Surreal Experiences in Fiji
What do Raymond Burr’s holiday shack and Hindu fire walking have in common? They’ve both become surreal Fijian tourist attractions.
Who would have guessed that America’s favorite TV lawyer, Raymond Burr, would create his own Shangri-La near the foothills of the Nausori Highlands in Fiji. Known best for his role of Perry Mason, Burr was an extremely private man, building his holiday shack in the late 70s. Set on 49 acres, Burr’s former residence, which now acts as a small museum for the actor, contains a tropical garden that houses more than 2000 species of orchids. Yeah, I think it is safe to say that Burr loved orchids, but, really, who can blame him. Known as the Garden of the Sleeping Giants, the lush tropical grounds are now one of the islands most popular attractions.
If having tea at Burr’s old digs, among his cane and favorite chair, are not surreal enough for you, then maybe a good old fashion Hindu fire walking performance is what you need. While regular Fijian fire walking performances (among other customary differences, Fijian fire walkers use white hot stones, while Hindu’s use wooden embers) are held at larger resorts and the Pacific Harbor Arts Village, for a more authentic presentation, you may want to check out the annual 10-day Hindu festival that coincides with a full moon in July or August; the fire walking ceremony takes place at many of the temples around the islands.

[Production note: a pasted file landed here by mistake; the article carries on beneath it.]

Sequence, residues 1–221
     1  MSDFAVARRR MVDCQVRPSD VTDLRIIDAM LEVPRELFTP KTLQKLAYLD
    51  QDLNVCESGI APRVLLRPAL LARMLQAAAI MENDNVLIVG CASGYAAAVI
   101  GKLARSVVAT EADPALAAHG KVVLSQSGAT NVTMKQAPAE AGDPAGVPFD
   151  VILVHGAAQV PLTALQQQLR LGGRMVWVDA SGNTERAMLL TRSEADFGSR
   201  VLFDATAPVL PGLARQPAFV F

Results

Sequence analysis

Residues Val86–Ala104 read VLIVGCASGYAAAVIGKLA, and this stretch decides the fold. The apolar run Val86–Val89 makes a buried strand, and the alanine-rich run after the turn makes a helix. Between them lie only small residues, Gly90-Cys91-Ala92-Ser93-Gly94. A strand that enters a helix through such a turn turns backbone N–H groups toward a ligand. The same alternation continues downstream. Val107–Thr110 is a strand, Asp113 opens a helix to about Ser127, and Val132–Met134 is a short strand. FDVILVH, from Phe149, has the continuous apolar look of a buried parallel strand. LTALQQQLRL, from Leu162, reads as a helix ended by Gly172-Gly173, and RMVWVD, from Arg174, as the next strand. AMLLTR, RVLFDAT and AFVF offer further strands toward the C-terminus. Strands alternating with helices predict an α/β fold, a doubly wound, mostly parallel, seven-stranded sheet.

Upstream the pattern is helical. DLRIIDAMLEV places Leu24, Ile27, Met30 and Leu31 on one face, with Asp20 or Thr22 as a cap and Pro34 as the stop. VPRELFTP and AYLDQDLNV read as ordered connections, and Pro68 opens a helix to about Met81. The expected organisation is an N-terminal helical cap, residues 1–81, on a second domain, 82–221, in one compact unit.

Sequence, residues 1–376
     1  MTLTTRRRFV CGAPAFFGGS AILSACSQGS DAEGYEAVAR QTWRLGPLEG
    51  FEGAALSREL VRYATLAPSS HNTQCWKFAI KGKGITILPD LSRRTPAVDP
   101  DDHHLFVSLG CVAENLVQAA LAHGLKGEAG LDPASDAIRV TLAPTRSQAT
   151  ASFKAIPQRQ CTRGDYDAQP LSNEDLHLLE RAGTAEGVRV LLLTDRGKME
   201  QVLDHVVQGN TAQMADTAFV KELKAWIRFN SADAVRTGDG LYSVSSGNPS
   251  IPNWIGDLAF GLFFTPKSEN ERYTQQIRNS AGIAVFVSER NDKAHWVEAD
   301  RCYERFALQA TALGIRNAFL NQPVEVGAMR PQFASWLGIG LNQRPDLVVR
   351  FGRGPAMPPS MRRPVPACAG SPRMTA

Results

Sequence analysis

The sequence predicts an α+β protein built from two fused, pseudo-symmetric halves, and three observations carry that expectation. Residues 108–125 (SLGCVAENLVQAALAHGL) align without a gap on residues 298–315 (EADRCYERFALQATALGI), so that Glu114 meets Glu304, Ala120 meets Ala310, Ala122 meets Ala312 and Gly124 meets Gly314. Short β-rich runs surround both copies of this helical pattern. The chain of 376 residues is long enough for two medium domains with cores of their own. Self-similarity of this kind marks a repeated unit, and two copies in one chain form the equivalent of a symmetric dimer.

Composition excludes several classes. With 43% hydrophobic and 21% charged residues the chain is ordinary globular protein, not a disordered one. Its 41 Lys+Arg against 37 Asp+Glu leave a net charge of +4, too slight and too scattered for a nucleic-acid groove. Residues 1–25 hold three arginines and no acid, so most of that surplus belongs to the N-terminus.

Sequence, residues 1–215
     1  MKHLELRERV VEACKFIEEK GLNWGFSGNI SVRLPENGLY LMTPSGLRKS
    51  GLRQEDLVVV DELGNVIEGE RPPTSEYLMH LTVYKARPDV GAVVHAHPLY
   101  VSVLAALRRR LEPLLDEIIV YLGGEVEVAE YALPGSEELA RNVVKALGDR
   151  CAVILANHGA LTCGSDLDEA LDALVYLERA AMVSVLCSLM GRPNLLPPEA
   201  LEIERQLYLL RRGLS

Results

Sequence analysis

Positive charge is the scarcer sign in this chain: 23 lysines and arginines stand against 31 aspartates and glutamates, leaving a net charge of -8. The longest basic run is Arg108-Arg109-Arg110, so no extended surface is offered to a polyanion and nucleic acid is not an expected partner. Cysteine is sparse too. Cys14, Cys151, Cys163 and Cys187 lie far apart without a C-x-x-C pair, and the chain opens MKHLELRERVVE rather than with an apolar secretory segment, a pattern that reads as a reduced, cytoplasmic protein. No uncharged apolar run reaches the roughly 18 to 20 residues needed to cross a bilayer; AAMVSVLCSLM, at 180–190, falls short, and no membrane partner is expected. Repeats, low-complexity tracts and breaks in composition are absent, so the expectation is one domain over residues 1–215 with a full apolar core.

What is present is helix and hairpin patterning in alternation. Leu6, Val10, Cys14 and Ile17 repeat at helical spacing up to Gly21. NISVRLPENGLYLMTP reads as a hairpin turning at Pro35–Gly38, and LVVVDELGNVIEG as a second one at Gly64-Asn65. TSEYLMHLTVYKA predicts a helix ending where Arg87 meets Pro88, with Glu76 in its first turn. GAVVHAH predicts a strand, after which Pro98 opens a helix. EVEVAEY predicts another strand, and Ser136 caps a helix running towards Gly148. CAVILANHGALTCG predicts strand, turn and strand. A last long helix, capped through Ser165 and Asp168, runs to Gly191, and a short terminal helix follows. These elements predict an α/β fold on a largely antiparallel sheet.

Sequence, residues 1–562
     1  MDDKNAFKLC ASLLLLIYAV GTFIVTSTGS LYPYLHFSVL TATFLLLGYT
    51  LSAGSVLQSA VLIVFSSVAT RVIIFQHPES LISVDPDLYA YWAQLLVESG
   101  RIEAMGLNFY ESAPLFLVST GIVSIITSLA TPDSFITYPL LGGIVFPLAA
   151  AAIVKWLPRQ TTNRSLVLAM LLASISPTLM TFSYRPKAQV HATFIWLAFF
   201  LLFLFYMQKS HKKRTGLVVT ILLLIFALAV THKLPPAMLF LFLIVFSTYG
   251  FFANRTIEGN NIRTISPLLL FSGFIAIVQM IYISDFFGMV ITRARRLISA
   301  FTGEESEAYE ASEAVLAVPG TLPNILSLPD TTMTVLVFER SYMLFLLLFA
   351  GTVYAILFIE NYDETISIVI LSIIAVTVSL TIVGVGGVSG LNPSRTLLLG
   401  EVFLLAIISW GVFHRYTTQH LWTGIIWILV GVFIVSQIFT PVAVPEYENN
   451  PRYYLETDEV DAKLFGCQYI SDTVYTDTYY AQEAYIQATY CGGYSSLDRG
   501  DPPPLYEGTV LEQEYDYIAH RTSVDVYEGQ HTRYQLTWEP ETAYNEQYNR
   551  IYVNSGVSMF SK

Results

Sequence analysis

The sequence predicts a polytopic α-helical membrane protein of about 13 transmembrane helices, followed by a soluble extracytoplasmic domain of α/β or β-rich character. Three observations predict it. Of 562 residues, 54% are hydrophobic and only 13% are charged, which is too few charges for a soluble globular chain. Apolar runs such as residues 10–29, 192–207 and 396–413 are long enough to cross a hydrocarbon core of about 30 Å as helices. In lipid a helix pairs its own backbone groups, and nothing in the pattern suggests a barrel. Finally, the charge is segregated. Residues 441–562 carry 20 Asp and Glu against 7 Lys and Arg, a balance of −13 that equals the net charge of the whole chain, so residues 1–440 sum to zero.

Repeated five times over, walking over the sizzling wooden embers only takes several seconds. The idea being that if the participants have a steady focus on the divine Mother, then they shall not feel any pain. A priest oversees the preparations, which can last three to 10 days; walking the burning embers is the climax of the ceremony. Participants must endure isolation, abstain from sex and meat, and mediate to the goddess Maha Devi. Rising early and praying late, the Hindu fire walkers eat little and sleep less as they prepare for the surreal ritual.
We are always looking for off-the-wall attractions, if you have any you would like to share, feel free to leave your thoughts in the comments below.
*Please remember all photos on this website, unless otherwise noted, are copyrighted and property of Beers & Beans Travel Website, Nariko’ s Nest Weddings & Bethany Salvon. Please do not use them without my permission. If you want to use one of them please contact me first because I do love to share and I would be flattered. Thanks!
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